Bravo Honda, bravo. The 2018 Civic Type R is the company’s most powerful car ever to be sold stateside. Indeed, Honda’s people are unofficially referring to it as the fastest front-wheel drive “road legal racecar” on the road. In short, no, the “R” in the name plate isn’t just for show.
It starts out with the 10th-generation Civic, but while it may be the fifth iteration of the car to wear the Type R badge, it’s the first to make it – officially, at least – to US shores. That alone was enough to build the pre-release hype. That you’re getting so much tech packed into this little gem for only $33,900 arguably seals the deal. Still, let’s not get ahead of ourselves.
It’s got no shortage of attitude, but then again there’s no lack of power to back that up. As wild as it looks, the engine is no laughing matter.
A highly tuned, direct-injected 2-liter turbocharged inline 4, with an output of 306 HP and 295 lb.-ft of torque, maximum power comes in at 2,500 and sticks around until you hit 4,500 rpm. Whether you’re passing a slow driver on the highway, or blasting through a straight on the track, 3,800 to 4,000 rpm in my opinion is where the engine really gets into its perfect stride. Pleasing purists, it only comes with a six-speed manual transmission – no automatic for the lazy left-footers – with close ratios and buttery smooth shifting. If you’re not keen on the whole heel-toe thing, that’s alright too, because it has Honda’s first ever rev-matching system.
That proved critical in smoothing out the up- or downshifts, avoiding mismatched revs even as you’re getting aggressive with your gearchanges. In +R mode or Track mode, it trickles in a greater level of exhaust note too, with the center resonator in the tri-top tailpipes emphasizing the lower, full-bodied sound while simultaneously smoothing out the higher frequencies. All the same, out on the road I did feel a couple of times that the tailpipes were more for visual show than auditory. I wouldn’t say no to more of an angry yowl; the best you’re getting is the sound of an angry four-banger reviving up.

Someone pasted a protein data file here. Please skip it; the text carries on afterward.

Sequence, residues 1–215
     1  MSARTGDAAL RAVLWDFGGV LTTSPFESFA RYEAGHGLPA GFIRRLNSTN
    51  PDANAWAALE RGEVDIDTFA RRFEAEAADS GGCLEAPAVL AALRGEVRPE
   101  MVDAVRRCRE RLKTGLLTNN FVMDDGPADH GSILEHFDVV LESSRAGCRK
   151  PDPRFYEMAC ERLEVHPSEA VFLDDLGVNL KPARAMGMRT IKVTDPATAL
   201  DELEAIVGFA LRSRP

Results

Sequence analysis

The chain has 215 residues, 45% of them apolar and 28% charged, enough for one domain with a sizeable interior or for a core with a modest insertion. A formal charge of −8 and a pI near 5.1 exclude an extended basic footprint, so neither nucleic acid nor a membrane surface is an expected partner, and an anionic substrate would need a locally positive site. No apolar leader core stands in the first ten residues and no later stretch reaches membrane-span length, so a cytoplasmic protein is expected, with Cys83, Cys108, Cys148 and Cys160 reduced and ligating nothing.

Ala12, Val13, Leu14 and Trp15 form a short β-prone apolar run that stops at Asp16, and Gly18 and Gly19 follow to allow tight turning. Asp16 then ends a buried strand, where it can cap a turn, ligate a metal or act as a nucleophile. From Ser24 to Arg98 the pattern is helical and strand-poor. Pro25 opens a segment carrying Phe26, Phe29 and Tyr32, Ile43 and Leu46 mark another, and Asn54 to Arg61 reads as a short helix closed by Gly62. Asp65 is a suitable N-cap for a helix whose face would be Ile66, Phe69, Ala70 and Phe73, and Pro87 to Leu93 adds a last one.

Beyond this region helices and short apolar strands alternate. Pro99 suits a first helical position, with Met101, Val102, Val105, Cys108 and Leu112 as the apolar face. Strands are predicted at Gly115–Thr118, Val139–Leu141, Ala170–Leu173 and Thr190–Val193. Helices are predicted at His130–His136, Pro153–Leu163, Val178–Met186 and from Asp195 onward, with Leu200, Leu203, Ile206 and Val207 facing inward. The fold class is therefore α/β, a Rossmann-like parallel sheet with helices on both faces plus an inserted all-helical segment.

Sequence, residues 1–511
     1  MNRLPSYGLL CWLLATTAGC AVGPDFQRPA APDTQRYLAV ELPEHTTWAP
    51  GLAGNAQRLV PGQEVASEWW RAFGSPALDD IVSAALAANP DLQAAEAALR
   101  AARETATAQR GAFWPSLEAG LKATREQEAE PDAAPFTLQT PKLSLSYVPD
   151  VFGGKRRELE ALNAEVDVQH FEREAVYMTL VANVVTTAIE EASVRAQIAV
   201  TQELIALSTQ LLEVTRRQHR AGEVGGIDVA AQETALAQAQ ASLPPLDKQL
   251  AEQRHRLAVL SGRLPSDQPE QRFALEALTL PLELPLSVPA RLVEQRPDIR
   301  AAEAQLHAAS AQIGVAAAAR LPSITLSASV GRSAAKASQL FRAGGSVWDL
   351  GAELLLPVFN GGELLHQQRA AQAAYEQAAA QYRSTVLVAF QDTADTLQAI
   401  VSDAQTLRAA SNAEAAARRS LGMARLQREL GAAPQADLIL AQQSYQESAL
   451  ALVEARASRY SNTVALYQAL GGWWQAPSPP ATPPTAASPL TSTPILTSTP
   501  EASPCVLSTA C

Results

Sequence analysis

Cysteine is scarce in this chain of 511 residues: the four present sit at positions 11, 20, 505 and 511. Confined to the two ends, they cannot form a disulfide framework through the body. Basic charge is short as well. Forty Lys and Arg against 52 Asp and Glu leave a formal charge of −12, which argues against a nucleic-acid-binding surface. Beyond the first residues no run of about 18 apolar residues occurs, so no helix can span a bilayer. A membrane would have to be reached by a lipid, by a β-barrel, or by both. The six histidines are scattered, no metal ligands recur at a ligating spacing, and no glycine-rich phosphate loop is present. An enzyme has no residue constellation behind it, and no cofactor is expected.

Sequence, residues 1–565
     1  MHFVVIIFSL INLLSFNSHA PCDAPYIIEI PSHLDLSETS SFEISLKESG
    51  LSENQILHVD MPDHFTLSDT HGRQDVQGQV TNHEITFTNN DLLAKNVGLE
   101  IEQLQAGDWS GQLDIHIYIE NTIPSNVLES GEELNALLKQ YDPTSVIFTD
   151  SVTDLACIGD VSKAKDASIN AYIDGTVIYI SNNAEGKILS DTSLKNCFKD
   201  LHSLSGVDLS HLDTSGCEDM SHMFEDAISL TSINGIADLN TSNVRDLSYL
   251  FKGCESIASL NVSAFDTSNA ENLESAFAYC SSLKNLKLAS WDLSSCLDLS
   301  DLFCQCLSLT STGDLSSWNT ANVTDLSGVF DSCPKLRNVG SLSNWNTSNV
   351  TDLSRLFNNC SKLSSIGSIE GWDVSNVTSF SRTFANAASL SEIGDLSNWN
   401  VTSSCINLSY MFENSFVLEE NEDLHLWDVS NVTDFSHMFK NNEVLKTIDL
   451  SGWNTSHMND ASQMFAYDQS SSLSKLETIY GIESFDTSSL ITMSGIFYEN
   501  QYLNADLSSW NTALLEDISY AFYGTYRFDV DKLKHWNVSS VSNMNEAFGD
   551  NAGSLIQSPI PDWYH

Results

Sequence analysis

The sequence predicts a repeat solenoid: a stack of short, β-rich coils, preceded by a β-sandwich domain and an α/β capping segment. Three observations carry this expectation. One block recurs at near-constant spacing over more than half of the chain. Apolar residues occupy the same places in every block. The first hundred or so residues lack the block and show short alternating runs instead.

On track or road, the 2018 Civic Type R performs exactly as you might have expected if you were to judge it based on looks alone. In fact, at a recent gathering in Tochigi at the Honda Meeting 2017, Honda executives made a big deal of the idea that the driving experience should more closely match whatever check the styling is writing. In the case of this particular hot hatch, that’s a fairly complicated check.
Indeed, it’s bristling with styling tweaks and aero. When was the last time you saw roof-mounted vortex generators on a road car? It’d be almost bordering on the embarrassing, were they not so functionally-useful: they channel air down to the overly-large rear wing. That then adds more downforce at speeds that’ll surely land you with a massive speeding ticket or, worse, in jail. Up front, winglets guide air around the wheel openings, as well as ridges along the sides to direct air around the body. The engine is also air cooled via an opening on the hood, which doubles as a way to help reduce lift. On the track, the front brakes can get hot super-quick: Honda added vertical air intakes to temper that, strategically placed on the outer edge of the fog lights.